Don’t rush installation of new Olubadan, lawyer advises Makinde

Group commiserates with Gov. Makinde over mother’s demise
Oyo State Governor, Seyi Makinde

An Ibadan-based lawyer, Chief Michael Lana, has advised Gov. Seyi Makinde of Oyo State, not to rush the installation of a new Olubadan of Ibadanland in view of the existence of a suit involving Sen. Lekan Balogun, next in line to the stool and the state government.

Lana, in a letter addressed to the governor; Prof. Oyelowo Oyewo (SAN), the state Commissioner for Justice and Attorney-General and the state Ministry of Justice, on Monday in Ibadan, advised Makinde to tread softly following the pending suit.

The News Agency of Nigeria (NAN) recalls that the 93-year-old Oba Saliu Adetunji, the 41st Olubadan of Ibadan, died at the University College Hospital (UCH), Ibadan, on Sunday morning during an illness.

NAN reports that Oba Adetunji ascended the throne of his forefathers on March 4, 2016.

Lana said that Balogun, expected to be the new Olubadan, went to court to upturn the consent judgment that set aside the gazettes which recognised High Chiefs and Baales as Obas in Ibadanland.

According to him, the administration of the late Chief Abiola Ajimobi in 2017 conferred the title of Obaship on some High Chiefs and Baales, “thereby disrupting the smooth chieftaincy elevation of Ibadanland”.

Lana recalled that the rights given to the chiefs to wear beaded crowns and coronets were challenged by High Chief Rashidi Ladoja, upon which the court nullified the said conferment.

“Consequently, the Court of Appeal, in Appeal No. CA/IB/99/2018, set aside the said judgment on technical grounds, sending it back to the High Court for retrial,” he said.

The legal practitioner reminded Makinde that upon his assumption of office as the state governor, the matter was amicably resolved through the instrumentality of a Terms of Settlement, which became the judgment of the court.

According to him, the High Chiefs and Baales instituted two separate suits to set aside the consent judgment, while at the same time clinging to the title of Obas.

This, he said, amounted to Contempt of Court.

Lana particularly mentioned that “one of the cases was instituted by Balogun in Suit No. 1/22/2020-HRM OBA (SENATOR) LEKAN BALOGUN & ORS V GOVERNOR OF OYO STATE & ORS.”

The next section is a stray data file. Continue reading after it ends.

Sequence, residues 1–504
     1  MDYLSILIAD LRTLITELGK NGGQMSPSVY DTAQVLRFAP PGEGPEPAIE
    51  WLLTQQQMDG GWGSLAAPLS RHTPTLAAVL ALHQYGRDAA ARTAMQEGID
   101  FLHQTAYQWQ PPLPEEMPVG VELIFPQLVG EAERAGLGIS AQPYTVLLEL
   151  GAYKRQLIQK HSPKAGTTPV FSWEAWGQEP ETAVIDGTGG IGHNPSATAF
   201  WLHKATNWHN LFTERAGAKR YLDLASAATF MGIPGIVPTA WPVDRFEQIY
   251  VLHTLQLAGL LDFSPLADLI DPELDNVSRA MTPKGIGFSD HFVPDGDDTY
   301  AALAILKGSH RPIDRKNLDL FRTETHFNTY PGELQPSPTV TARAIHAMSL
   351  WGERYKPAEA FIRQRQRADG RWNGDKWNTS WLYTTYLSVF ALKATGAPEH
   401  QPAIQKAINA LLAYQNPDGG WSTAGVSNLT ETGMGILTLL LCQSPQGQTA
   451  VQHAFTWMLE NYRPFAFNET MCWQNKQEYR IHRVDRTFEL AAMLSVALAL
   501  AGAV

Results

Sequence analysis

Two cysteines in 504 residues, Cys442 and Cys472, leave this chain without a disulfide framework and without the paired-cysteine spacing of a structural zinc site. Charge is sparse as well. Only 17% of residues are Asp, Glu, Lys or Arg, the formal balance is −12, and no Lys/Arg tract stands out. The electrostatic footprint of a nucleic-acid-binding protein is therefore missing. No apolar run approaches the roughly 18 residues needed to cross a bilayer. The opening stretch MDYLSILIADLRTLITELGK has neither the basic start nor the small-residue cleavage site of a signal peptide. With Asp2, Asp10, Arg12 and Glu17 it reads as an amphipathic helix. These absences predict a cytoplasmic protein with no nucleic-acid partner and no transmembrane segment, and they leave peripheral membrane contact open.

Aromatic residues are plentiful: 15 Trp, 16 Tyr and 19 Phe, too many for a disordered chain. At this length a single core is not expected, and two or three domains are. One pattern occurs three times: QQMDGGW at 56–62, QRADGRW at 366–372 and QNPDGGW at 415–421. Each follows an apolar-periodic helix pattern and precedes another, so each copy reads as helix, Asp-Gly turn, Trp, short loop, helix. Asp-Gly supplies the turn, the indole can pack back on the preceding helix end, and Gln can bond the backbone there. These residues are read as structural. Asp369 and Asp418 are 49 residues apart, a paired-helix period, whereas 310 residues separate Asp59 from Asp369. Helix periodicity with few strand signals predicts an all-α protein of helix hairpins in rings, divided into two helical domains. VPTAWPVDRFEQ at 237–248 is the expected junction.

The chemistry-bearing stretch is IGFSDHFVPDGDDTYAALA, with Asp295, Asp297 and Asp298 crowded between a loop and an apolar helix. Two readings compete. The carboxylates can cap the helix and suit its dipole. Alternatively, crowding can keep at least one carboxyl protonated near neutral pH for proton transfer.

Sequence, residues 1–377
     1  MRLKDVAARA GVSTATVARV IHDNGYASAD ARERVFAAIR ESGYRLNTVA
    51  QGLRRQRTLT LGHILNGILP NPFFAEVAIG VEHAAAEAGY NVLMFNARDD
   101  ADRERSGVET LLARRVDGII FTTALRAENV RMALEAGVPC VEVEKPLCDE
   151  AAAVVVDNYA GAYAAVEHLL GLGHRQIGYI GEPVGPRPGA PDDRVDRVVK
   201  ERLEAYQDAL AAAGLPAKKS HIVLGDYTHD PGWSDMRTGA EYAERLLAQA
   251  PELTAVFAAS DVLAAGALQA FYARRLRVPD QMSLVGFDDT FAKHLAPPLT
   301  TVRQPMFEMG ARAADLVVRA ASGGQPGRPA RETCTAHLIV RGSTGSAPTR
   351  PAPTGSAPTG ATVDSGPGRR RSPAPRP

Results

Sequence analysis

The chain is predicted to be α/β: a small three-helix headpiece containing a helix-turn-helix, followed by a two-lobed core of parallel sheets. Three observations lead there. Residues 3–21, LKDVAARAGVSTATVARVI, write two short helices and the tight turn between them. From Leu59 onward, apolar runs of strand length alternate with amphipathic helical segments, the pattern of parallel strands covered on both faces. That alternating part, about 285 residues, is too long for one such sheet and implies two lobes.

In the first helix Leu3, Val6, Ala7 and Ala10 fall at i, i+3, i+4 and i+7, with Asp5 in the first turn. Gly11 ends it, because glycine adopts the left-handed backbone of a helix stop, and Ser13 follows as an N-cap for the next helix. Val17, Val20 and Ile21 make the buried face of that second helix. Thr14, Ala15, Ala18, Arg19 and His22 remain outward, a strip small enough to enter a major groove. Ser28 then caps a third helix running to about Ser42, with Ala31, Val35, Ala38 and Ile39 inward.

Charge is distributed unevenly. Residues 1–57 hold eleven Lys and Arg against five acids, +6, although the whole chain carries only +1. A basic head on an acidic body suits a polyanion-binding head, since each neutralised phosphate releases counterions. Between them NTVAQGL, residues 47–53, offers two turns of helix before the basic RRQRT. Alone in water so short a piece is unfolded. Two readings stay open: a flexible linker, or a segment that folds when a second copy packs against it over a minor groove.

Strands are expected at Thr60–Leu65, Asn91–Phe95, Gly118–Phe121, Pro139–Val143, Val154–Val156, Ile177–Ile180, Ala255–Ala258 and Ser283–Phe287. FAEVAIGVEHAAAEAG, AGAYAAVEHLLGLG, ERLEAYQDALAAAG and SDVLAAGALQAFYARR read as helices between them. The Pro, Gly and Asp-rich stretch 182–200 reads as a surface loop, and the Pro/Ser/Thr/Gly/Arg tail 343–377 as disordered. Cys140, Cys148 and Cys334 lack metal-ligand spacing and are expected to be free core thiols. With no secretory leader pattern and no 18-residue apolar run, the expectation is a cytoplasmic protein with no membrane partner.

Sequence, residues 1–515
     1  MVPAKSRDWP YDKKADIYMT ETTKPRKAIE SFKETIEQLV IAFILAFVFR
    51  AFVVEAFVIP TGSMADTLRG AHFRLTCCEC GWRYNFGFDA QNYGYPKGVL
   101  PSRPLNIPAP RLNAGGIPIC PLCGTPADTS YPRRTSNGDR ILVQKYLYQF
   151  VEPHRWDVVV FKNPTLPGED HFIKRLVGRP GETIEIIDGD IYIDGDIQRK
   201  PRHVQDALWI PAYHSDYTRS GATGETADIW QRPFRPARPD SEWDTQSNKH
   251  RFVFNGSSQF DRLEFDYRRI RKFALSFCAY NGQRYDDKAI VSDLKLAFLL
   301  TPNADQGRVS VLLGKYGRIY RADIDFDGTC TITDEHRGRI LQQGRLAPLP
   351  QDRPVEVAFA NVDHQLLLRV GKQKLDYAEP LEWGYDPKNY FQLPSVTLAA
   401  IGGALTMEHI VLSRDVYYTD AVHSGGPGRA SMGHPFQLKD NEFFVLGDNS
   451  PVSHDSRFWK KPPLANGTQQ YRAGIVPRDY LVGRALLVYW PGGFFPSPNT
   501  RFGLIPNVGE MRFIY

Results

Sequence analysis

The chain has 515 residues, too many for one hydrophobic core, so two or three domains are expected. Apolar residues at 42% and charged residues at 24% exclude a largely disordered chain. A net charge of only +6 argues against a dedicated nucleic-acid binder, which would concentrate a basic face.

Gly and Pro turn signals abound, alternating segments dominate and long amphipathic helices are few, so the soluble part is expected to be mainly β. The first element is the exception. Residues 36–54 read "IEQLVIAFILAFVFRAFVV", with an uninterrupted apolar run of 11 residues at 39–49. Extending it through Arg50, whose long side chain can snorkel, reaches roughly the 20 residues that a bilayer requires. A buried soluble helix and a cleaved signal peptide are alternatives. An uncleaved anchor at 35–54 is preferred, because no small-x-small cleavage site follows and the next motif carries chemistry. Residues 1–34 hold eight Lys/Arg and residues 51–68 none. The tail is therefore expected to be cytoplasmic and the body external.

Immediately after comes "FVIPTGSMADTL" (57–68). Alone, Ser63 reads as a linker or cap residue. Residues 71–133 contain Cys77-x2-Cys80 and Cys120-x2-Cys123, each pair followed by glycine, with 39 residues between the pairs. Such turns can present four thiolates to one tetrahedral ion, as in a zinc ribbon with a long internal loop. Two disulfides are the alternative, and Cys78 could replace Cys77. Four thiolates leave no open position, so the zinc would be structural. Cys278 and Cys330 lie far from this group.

He further explained that since the Olubadan Chieftaincy Declaration of 1957 was not amended, it, therefore, remained extant.

Under the declaration, he said that no Oba could ascend to the throne of Olubadan.

“In another words, as long as the High Chiefs were still clinging to the title of Oba, they could not ascend to the throne.

“Any installation of any of them during the pendency of that suit is illegal, null and void,” he said.

According to him, the way forward will be for the chiefs to withdraw the aforementioned cases or wait for the court to pronounce on them.

“If the court holds that they have the right to be Obas and entitled to wear beaded crowns, then they are perpetually barred from becoming another Oba.

“Nowhere in the Customary Law of any Yoruba town is an Oba elevated to become another Oba.

“If, on the other hand, the court holds the Terms of Settlement stand, and their Obaship title is illegal, then they are free to be elevated to the post of Olubadan,” Lana said.

However, the state Commissioner for Justice and Attorney-General could not be reached to comment on the letter.

All efforts made by the News Agency of Nigeria (NAN) Correspondent to get him through phone calls proved abortive.(NAN)


The OPINION / COLUMN is authored by independent contributors to the National Accord Newspaper. While contributors adhere to our editorial guidelines, they are not employed by the National Accord Newspaper. The perspectives and opinions expressed herein are solely those of the author and do not represent the views of the National Accord Newspaper or its staff.

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